How Did People Do Surgery in Ancient Times?

Have you ever wondered how people performed surgeries in ancient times? It’s hard to imagine modern medicine without the sophisticated technologies and equipment we have access to today. However, our ancestors also had their own ways of performing surgeries that were primitive but effective for their time.

Ancient Egypt
One of the earliest civilizations known to practice surgery was Ancient Egypt. The Egyptians had a vast knowledge of anatomy and medicine, which allowed them to perform complex surgical procedures.

They used sharp bronze instruments to make incisions and were skilled at setting broken bones and treating infections. Mummification is a great example of the Egyptians’ surgical expertise, as they were able to preserve bodies for thousands of years through careful removal of organs.

Ancient Greece
The Greeks also made significant contributions to the field of surgery. Hippocrates, known as the father of modern medicine, introduced many surgical techniques that are still used today.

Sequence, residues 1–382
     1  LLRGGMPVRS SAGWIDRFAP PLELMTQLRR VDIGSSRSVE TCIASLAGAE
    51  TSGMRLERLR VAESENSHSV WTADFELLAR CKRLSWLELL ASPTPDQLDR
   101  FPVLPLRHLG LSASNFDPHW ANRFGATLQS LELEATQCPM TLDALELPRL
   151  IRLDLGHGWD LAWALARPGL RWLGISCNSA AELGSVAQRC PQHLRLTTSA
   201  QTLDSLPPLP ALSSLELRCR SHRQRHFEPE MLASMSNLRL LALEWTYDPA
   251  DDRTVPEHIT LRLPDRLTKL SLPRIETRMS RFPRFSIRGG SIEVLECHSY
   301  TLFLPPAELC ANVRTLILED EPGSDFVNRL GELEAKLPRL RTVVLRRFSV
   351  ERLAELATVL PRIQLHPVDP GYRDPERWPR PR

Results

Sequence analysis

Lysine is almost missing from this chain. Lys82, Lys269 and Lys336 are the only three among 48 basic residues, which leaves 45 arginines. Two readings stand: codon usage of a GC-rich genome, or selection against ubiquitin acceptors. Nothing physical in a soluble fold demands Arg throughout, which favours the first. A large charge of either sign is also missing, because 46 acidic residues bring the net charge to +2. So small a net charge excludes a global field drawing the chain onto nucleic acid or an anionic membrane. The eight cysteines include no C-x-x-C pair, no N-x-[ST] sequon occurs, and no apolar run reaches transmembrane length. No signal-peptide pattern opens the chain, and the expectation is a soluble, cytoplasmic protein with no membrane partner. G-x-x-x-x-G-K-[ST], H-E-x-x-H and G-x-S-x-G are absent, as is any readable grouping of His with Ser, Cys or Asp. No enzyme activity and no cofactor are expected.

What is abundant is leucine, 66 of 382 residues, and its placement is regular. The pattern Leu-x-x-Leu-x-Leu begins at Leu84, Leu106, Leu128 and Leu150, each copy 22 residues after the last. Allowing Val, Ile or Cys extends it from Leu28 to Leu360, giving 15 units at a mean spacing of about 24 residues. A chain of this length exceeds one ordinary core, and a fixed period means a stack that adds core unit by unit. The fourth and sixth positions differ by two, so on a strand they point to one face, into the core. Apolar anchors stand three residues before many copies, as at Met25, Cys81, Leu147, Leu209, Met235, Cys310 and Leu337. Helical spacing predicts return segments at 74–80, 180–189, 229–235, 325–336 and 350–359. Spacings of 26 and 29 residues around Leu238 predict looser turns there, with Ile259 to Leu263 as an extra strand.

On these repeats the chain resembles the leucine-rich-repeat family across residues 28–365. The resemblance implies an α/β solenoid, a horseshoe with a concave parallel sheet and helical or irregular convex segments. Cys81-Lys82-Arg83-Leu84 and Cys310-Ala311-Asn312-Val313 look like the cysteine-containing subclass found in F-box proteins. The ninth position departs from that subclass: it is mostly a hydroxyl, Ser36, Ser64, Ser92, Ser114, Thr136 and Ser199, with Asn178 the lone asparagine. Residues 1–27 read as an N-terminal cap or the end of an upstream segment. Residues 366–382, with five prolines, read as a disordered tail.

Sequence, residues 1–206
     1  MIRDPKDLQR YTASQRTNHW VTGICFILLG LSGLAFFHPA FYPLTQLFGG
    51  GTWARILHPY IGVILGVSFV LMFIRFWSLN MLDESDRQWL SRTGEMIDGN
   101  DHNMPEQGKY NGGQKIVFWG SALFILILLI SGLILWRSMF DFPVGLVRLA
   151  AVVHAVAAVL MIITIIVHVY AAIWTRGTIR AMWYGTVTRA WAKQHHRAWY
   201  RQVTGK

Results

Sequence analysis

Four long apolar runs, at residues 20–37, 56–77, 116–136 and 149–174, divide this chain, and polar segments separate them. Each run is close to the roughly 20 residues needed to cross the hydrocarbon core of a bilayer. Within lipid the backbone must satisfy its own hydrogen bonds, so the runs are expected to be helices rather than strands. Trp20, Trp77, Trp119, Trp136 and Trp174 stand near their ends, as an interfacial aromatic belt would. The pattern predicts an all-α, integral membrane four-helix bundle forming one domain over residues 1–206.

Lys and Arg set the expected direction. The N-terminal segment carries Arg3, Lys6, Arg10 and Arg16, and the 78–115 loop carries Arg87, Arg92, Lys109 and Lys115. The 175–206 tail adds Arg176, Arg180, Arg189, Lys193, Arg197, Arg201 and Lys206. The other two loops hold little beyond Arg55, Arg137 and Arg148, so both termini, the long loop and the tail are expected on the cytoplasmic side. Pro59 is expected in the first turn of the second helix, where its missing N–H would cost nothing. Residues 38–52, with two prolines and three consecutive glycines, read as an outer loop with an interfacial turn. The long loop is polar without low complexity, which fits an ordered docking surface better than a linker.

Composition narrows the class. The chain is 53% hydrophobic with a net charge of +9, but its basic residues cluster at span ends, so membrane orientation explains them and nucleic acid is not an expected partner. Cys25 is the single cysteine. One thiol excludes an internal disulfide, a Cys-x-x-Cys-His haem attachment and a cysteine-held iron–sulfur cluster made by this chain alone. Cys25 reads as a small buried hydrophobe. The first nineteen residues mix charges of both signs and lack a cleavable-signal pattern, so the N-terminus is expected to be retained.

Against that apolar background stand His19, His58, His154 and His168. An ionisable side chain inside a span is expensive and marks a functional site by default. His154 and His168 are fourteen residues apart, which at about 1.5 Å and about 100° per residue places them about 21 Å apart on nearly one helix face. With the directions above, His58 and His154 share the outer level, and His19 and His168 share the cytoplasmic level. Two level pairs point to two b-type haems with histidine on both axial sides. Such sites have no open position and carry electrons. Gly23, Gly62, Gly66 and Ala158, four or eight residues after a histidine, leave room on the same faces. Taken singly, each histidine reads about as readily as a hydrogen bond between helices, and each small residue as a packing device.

He believed in the importance of cleanliness during surgeries and advocated for washing hands and instruments before any procedure. The Greeks also used a variety of tools such as scalpels, forceps, and hooks to perform surgeries.


In Rome, surgeries were often performed by army surgeons who learned on the battlefield. They had to be quick and efficient in treating wounds sustained during battles. One notable surgeon from this time was Galen who advanced surgical knowledge through his experiments on animals.

The Middle Ages

During the Middle Ages, surgery became associated with barbers who often performed minor procedures such as bloodletting or tooth extraction. However, major surgeries were still being performed by skilled physicians who used crude tools such as saws and knives.

  • The Renaissance
  • The Renaissance marked a significant shift in surgical practices with greater emphasis placed on scientific knowledge and anatomy.
  • Surgeons such as Andreas Vesalius conducted detailed studies of the human body, which improved surgical techniques.
  • Anesthesia was also introduced during this time period, making surgeries less painful for patients.


In conclusion, ancient surgery may seem primitive by today’s standards, but it was a significant step towards the modern techniques we use today. Despite the lack of sophisticated equipment and technology, our ancestors relied on their knowledge of anatomy and medicine to perform surgeries that were often successful. As we continue to advance in medical sciences, it’s important to remember and appreciate the contributions made by those who came before us.